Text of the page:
September 23, 2021

What Michigan star WR Ronnie Bell’s season-ending leg injury means for the Wolverines offense

Michigan’s leading returning pass catcher, wide receiver Ronnie Bell left the Wolverines’ 47-14 win over…

Michigan’s leading returning pass catcher, wide receiver Ronnie Bell left the Wolverines’ 47-14 win over Western Michigan in the second quarter Saturday with a leg injury following a 31-yard punt return. After getting helped off the field, he was carted into the tunnel to an ovation from the fans at Michigan Stadium, who were treated to three first half highlights from the senior playmaker.

On Monday, coach Jim Harbaugh announced that Bell will miss the remainder of the season.

The injury was an especially cruel blow for Bell and the Wolverines after he showed flashes of brilliance in the opening half. First, Bell made a spectacular one-handed catch along the sidelines that was wiped off due to a questionable offensive pass interference call. But on Michigan’s next possession, Bell got redemption by beating man coverage out of the slot for a 76-yard touchdown reception from quarterback Cade McNamara.

Western Michigan punted on its next possession, and Bell broke through on the return to set Michigan up in WMU territory. It was quickly apparent that something was wrong as he struggled to get up. Bell buried his head in a towel as the cart carried him from the playing surface, indicating a severe injury.

Pressure on Cornelius Johnson

Bell looked like a star in the first half on Saturday, the type of player capable of helping an inexperienced quarterback in McNamara adjust comfortably during his first season as a full-time starter. Now that pressure falls squarely on Johnson to fill the role of the team’s top receiver. Johnson entered Saturday with just 20 career receptions, but he came on strong last season and showed good chemistry with McNamara by hauling in five catches for 105 yards and two touchdowns in a win over Rutgers. At 6-foot-3, the former four-star prospect has the frame to be a primary target. He was the only Michigan receiver other than Bell to catch a pass in the first half on Saturday but finished fifth on the team in yards by the final buzzer.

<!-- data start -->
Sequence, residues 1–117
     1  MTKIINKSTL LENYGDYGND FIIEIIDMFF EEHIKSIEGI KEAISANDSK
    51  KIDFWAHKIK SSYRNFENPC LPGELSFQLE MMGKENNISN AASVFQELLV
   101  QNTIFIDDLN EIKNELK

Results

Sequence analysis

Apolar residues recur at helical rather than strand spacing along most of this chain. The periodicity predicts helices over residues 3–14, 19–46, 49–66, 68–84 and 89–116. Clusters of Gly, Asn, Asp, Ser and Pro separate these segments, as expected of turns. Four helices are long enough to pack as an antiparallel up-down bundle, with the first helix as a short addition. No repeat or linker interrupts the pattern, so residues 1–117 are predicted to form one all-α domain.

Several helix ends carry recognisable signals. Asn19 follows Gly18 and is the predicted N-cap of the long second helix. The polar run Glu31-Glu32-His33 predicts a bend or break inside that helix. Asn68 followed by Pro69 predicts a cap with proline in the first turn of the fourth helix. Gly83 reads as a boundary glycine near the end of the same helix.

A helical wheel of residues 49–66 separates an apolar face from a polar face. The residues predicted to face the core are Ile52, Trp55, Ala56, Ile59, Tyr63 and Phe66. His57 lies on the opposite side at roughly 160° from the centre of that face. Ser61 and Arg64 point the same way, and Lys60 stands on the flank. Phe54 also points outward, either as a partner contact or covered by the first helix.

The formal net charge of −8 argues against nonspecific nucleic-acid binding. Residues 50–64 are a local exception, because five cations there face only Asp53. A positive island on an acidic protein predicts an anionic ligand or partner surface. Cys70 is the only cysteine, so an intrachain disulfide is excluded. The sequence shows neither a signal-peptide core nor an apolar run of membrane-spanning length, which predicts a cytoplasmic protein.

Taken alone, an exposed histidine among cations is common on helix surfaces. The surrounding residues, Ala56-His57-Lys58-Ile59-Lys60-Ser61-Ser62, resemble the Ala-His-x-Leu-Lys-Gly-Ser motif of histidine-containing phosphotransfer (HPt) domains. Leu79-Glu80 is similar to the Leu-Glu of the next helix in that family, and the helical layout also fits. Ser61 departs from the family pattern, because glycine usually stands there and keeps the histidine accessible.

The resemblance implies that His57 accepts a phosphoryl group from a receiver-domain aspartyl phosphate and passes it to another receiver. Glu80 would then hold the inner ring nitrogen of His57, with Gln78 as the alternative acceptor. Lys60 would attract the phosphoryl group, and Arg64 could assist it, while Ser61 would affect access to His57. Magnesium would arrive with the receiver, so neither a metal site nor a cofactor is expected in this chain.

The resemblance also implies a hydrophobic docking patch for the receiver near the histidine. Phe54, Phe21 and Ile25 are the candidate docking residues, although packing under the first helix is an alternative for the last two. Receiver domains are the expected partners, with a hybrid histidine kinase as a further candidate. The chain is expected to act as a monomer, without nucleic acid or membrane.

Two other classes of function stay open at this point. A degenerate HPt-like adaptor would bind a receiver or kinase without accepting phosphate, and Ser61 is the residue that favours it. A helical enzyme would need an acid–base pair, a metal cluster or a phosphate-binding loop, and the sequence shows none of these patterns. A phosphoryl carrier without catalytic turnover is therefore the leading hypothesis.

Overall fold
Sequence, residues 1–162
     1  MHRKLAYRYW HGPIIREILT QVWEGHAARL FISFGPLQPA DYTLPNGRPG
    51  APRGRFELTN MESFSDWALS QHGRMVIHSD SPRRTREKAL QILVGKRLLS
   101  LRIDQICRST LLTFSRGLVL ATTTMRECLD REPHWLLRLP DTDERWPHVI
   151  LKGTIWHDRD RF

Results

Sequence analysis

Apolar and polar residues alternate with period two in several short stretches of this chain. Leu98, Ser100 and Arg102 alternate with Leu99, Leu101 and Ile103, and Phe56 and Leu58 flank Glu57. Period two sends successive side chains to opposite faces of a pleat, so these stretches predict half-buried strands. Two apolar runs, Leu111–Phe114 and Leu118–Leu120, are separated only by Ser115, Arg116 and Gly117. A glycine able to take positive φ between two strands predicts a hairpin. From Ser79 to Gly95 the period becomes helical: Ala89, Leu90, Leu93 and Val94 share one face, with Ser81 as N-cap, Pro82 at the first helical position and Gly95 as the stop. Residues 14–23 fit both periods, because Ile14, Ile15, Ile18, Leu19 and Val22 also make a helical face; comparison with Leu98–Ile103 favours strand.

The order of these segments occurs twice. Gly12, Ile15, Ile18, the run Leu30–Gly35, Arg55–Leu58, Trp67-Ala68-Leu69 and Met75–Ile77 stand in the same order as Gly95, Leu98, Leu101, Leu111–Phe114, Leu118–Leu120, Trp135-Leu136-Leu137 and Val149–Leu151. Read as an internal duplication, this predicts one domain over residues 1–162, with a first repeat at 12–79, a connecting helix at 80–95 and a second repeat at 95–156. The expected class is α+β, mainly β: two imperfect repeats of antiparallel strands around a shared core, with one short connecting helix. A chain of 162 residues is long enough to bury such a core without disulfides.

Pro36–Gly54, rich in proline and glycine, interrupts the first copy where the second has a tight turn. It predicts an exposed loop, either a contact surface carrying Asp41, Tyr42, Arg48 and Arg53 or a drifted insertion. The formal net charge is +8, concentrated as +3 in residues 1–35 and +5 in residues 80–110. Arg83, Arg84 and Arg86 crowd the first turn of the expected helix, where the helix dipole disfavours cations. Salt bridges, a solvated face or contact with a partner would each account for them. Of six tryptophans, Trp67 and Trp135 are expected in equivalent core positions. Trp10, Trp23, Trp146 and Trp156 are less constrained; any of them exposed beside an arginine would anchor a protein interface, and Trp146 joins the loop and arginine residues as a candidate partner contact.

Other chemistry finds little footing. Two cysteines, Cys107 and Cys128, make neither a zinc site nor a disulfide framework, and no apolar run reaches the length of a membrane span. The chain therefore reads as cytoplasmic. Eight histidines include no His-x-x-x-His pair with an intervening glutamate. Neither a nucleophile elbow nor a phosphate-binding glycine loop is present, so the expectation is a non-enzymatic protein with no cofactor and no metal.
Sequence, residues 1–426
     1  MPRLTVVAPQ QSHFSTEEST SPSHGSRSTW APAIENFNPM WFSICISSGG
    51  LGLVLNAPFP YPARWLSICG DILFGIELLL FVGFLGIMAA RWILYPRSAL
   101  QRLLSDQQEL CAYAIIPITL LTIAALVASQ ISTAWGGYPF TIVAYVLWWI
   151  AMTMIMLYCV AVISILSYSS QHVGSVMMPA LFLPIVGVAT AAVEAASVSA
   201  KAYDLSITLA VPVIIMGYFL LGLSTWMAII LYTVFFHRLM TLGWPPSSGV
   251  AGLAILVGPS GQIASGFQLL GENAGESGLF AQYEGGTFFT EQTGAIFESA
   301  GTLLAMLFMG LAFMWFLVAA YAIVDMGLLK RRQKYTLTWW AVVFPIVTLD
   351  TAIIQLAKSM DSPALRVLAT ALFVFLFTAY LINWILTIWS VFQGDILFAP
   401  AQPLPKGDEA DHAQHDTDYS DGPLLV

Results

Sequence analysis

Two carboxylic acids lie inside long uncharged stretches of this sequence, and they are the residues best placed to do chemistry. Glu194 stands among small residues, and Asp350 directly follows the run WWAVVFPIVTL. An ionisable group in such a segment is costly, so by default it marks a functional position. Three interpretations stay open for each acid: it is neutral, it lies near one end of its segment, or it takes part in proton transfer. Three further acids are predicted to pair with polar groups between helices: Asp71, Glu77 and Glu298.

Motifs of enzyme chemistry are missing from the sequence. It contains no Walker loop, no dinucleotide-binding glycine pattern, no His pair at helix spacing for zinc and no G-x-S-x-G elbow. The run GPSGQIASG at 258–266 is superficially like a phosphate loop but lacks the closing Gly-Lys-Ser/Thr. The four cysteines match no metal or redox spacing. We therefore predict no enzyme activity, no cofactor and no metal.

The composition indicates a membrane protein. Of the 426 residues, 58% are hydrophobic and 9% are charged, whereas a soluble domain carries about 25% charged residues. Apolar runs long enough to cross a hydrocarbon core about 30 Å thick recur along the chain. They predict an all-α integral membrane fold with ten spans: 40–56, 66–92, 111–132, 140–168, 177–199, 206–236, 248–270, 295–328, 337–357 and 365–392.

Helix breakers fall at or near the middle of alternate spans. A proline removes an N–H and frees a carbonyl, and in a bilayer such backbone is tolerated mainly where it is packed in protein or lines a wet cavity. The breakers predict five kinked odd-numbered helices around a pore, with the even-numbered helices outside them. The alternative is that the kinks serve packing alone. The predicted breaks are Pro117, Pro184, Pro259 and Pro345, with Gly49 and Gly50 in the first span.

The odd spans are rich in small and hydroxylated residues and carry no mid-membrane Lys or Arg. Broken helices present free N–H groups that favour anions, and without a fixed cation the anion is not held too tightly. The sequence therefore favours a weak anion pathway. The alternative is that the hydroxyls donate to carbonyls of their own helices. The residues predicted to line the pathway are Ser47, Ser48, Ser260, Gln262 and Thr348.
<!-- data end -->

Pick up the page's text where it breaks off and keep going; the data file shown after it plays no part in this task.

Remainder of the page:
No one on Michigan caught more than three passes in the game, and only one other player had more than 23 yards receiving. Considering the Wolverines scored three rushing touchdowns on the afternoon, this ground-based attack may lean even more heavily in that direction as the season goes on if other receivers do not step up.

The good news for Michigan is that Johnson did show flashes of being a big-play threat in his limited role last season. While Ronnie Bell was the more heavily-featured player in Michigan’s passing attack, Johnson averaged more yards per reception than Bell and more air yards per target. He finished just behind Bell when it came to yards per route run.

Still, a passing attack works better when it has two deep threats, and Johnson is likely to garner more attention from opposing defenses now that Bell will no longer be on the field. So he’s not the only one who will have to step up and take on a bigger role. Players like A.J. Henning are likely to see more targets going forward.

Special teams debate

It seems that nearly every decision Harbaugh makes is scrutinized, and perhaps that’s to be expected a program of Michigan’s prestige. There will certainly be questions about why Bell was playing on special teams after he was not a factor in the return game during the 2020 season. However, Bell returned two punts in 2018 and eight in 2019, so he was a trusted option for the staff after last season’s primary punt returner, Giles Jackson, moved on.

Ronnie Bell’s highlights

Michigan fans gave Bell a loud ovation as he left the playing field. They surely appreciated the highlights he provided before the injury. Here is a glimpse at what he’d done before leaving the game.